How Can You Seize Opportunity If You Cannot Manage Risk?

By June 30, 2018Risk management

Global growth is slowing to levels of GDP. Notice that the average growth for consumer nondurables (often termed household products) is 1.7%, as shown in Table 1. This is a far cry from the pre-recessionary growth rate of 6%.

Public markets reward growth. As the rate of year-over-year revenues slows, companies attempt to grow through tactics. In consumer good supply chains, this includes new product launch, price incentives, and trade promotion management. In the digital world, traditional broad-brush marketing programs become less effective. Yet, they are still widely deployed. The residual effects drive higher demand error and increased complexity.

When it comes to risk, this impact is not trivial. In this blog post, I explore the impact on fast-moving consumer goods companies. Table 1 is sourced from our Supply Chains to Admire analysis, and the Index represents improvement. Companies with a lower rank on the Index are driving faster rates of metrics improvement. Energizer and Unilever are driving the fastest rates of improvement, and Clorox and P&G improvement rates are the slowest on the Supply Chain Metrics That Matter of Growth, Operating Margin, Inventory Turns, and Return on Invested Capital (ROIC)).

Table 1. Average Performance Metrics for Consumer Nondurable Industry for the Period of 2010-2017

What Is Risk?

In the current quantitative study that we are completing on risk, we define risk management processes as the “proactive identification and assessment of potential risks to the supply chain – as well as the development of strategies to avoid these risks.” It can include uncertainty, disruption or volatility.

While most leaders, early to the subject, think of risk as mitigation of events (in Figure 1 we share the most disruptive events from the period of 2013-2018), event mitigation is the easy part of risk management. The tougher issues lie with the management of complexity and volatility.

Figure 1. Top Events Leading to a Supply Chain Disruption

The increase in risk due to cyber hacking is a change versus prior studies, with cyber threat increasing in the supply chain.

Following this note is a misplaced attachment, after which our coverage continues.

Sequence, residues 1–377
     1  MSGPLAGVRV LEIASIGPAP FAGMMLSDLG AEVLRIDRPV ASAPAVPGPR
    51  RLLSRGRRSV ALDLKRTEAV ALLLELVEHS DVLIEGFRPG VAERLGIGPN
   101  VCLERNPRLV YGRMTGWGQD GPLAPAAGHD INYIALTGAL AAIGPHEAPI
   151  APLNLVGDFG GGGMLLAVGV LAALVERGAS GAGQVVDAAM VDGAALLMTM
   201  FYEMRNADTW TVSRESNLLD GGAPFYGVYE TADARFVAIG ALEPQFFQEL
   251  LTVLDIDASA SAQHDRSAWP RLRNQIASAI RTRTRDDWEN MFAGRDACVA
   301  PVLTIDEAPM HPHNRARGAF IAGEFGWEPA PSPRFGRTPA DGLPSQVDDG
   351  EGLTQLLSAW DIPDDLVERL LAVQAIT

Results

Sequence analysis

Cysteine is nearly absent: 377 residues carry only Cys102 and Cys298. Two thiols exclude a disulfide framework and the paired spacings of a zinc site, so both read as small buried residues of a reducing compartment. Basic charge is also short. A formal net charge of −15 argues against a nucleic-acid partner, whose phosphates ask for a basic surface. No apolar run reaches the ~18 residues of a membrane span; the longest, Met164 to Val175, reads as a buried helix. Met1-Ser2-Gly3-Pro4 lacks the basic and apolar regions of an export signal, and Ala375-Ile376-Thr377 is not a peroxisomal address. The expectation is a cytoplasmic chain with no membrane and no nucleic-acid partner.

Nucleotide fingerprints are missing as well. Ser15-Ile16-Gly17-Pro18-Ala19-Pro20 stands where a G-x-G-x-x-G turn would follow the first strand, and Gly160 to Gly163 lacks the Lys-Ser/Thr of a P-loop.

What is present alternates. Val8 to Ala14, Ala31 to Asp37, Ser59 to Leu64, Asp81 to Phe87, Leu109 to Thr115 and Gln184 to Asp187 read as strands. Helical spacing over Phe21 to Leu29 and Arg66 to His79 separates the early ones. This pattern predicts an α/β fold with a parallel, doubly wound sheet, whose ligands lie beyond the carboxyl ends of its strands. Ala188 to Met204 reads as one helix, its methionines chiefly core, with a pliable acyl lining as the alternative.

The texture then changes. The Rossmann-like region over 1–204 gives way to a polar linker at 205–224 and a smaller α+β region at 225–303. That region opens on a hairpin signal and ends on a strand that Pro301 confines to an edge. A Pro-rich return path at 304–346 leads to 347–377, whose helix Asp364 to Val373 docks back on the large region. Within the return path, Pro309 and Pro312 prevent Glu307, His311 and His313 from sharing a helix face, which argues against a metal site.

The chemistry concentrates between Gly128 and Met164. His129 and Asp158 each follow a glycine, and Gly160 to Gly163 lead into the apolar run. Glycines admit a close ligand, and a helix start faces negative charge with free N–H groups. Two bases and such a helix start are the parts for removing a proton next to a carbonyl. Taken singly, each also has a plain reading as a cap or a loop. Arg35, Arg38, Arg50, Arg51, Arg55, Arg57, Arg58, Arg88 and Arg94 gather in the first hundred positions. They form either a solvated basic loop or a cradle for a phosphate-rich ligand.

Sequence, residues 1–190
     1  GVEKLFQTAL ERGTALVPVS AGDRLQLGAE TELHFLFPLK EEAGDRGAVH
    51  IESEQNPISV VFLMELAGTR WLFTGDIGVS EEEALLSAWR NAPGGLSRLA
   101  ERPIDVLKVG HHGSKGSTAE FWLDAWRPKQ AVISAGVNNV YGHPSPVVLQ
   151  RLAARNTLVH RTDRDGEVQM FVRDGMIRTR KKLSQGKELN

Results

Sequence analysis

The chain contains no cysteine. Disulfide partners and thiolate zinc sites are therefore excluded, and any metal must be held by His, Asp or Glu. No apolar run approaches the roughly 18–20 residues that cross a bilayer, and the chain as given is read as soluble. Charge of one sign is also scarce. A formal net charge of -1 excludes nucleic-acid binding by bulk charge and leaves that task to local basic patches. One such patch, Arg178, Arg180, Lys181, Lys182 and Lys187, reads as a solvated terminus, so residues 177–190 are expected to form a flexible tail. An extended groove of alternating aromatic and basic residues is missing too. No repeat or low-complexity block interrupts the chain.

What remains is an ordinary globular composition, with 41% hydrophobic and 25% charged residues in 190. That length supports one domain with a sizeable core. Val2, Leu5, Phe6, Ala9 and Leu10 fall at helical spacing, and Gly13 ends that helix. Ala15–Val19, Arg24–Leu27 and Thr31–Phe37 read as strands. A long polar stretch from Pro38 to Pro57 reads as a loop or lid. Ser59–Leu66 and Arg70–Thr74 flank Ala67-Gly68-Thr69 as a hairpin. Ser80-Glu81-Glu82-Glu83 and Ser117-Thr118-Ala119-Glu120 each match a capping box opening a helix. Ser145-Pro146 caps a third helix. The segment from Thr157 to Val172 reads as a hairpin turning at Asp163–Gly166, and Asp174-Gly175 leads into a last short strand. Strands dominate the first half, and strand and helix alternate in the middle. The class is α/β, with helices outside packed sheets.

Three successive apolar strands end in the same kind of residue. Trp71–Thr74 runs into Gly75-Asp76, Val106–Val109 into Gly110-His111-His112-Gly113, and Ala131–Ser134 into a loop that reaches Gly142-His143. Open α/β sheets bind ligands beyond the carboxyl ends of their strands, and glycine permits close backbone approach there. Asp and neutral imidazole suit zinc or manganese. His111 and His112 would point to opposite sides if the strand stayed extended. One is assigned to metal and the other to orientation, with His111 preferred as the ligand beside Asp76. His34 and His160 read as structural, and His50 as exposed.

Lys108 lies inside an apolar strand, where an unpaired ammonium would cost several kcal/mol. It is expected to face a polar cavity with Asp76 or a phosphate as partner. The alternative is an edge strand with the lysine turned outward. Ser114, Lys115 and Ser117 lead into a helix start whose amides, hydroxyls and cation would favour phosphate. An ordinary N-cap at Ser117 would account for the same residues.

What Are the Risk Drivers?

While technologists and consultants hawk wares for supply chain visibility, the larger issues are in demand volatility and operations complexity. Recently, I have been working closely with customers to measure inconsistent and intermittent demand. Sadly, I am finding that the combination of poorly implemented deterministic optimization technologies is creating a negative Forecast Value Add (FVA) and increasing demand error by 2-30%. The saddest part is that most of these customers believed they were doing the right thing by deploying forecasting technology but did not know how to measure/determine a good plan.

With consumer goods companies increasing item complexity on the item master by 30-40%, this is a never-ending cycle. Another sad story is while companies believe that item complexity is tied to driving a growth agenda, in many categories it has added brand confusion, not personalization.

Figure 2. Risk Drivers


How Do You Mitigate Risk?

Consultants and technologists are selling risk management solutions, however, the answer is a focus on supply chain basics. Designing the supply chain with a focus on the form and function of inventory, flexibility, supplier score-carding processes along with monitoring, business continuity planning and “What-if” analysis. Unfortunately, most companies are not good at these basics. Only 1/3 have supplier development programs, and 12% design/modify the supply chain with a focus on form & function of inventory. The traditional supply chain process only focused on the management of safety stock. For more on the form and function of inventory and inventory strategies, please reference the earlier blog post. A focus on safety stock is not sufficient.